Cuba – A Photographic Journey

La Bandera Cubana (The Cuban Flag)

Cuba.  The word evokes images of classic cars, ancient crumbling facades and warm smiling faces.  

But Cuba is more than a cliche…it is a country at a crossroad, with a people tired of being regarded as an anachronism and yearning to catch up with the world at large they perceive thru modern media.

This is our introductory blog about our 6 days in Habana Central (and one day in Viñales).  Our initial plan was to spend time with the locals – living where they live, eating what they eat, getting around in typical “cuban” fashion, etc.  So we contacted a Cuban national and he put us in touch with a Cuban AirBNB.  While there were some bumps along the way, we found a place that was sufficient (actually, an ENTIRE apartment) and we made several new contacts (actually, several new friends).  What surprised us most: many Cubans dress almost exactly as we do, so it was easy to blend in. Our only dead give-aways were our cameras – once we put our cameras in our bags, we were virtually invisible (of course, it helps to be fluent in Spanish as English is not commonly spoken).  

First of all, a big “thank you” to several people: Mariley, our landlady; Pedro, our taxi-driver; Alfonso & Alfredo, our guides; Milagros our Gal Friday;  Elena and crew, our cooks; and lastly, our travel companions Carmen and Don.  They all served to make our trip not only memorable, but enjoyable. Of course, there were countless others along our journey that are not easily forgotten; Teresa, the woman praying to Yemaya on the Malecon; Ivon & Bilbao, our CocoTaxi guides; Kid Chocolate, the Cuban Olympic boxing champion we had the great pleasure of meeting and photographing; Rafael, the director at Projecto Communitario, Callejon De Hamel; Julio Cesar Paz, the artist we met at FusterLandia; and so many others.  These are not just nameless faces we meet along our travels and soon forget once we return home – but real people, with lives and struggles that continue long after we’ve left.  And we say again…muchisimas gracias.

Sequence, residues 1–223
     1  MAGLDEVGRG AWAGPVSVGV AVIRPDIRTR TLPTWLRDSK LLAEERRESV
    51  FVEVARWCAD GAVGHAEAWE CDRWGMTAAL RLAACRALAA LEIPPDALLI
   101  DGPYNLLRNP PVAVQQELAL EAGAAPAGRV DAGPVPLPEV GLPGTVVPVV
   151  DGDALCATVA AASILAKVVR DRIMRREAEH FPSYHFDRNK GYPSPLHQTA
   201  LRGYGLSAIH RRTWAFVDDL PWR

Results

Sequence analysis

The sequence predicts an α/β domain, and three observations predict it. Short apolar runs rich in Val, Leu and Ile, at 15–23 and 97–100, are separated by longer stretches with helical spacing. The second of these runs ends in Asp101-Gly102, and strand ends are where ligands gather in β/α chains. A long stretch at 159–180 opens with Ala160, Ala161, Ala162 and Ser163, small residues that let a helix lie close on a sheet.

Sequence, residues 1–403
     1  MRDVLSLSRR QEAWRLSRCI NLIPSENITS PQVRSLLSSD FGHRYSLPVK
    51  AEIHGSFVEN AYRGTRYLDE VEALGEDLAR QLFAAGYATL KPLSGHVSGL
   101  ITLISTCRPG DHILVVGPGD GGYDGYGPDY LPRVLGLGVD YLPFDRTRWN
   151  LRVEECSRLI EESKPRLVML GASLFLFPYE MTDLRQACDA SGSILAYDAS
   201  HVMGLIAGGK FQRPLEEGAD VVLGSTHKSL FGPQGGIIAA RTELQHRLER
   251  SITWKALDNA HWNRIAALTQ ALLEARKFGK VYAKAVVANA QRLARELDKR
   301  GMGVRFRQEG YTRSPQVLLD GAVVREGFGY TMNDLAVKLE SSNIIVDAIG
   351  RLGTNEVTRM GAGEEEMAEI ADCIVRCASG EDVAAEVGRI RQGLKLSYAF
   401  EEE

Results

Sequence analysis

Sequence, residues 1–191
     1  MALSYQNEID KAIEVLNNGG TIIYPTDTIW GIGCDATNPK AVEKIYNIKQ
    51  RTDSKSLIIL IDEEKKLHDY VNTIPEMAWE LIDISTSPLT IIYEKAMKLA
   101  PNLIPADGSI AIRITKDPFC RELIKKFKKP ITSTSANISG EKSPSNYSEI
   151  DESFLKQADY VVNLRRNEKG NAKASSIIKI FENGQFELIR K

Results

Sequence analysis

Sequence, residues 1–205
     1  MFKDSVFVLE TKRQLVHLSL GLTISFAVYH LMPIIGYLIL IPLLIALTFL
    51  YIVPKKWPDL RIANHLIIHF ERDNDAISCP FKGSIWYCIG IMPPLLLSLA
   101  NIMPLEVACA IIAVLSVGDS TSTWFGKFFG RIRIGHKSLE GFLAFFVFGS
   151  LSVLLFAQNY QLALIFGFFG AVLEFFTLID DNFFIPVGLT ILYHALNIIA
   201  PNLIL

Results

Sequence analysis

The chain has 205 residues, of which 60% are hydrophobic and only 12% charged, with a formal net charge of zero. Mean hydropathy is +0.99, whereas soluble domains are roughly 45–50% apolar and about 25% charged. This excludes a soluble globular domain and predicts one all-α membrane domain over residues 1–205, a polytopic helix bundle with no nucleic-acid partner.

Our trip began in Newark, NJ.  We flew United direct to Habana, Cuba.  Yes, United…from Newark (no, we did not have to go to Miami).  Our reason for traveling to Cuba was on a “people to people cultural/educational exchange”.  We paid our Cuba visa fees (approx. $75 each) and since we only had carry-on luggage, we did not have to pay for any extra checked baggage. Cuba has weight restrictions, so we traveled light (except our photography gear – see below).  Landing in Habana at the Jose Marti Airport, we went thru Aduana (Customs), made our declarations and ran our baggage thru the metal/drug detection devices.  2 hours later, we got in line to change our currency from US dollars to the Cuban Convertible Peso (CUC). Cuba claims that the exchange rate is 1 CUC to 1 US Dollar, but the reality is  1 CUC is 87 cents to the Dollar (13 cents goes to the Cuban government as an impuesto – i.e. tax) – so, $100 USD = $87 CUC.  (Cuba has a second currency for the Cubans, the CUP, or Cuban Peso…there are currently 25 cuban pesos to the CUC).     
Speaking of currency exchange – since ATM’s are virtually non-existant in Cuba, it’s a good idea to take all the currency you will require for your trip.  Everything, and we do mean EVERYTHING, is cash only…absolutely NO CHECKS OR CREDIT CARDS are accepted (at least, not at any of the establishments we frequented).  As a result, many things are negotiable…we learned this very quickly.